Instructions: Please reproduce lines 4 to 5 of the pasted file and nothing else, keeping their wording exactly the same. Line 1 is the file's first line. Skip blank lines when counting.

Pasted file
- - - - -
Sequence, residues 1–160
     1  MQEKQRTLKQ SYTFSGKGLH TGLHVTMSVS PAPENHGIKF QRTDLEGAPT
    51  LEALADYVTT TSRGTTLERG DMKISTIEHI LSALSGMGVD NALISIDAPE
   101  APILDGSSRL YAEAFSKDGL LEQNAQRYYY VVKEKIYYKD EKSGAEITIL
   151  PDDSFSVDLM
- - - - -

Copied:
   101  APILDGSSRL YAEAFSKDGL LEQNAQRYYY VVKEKIYYKD EKSGAEITIL
   151  PDDSFSVDLM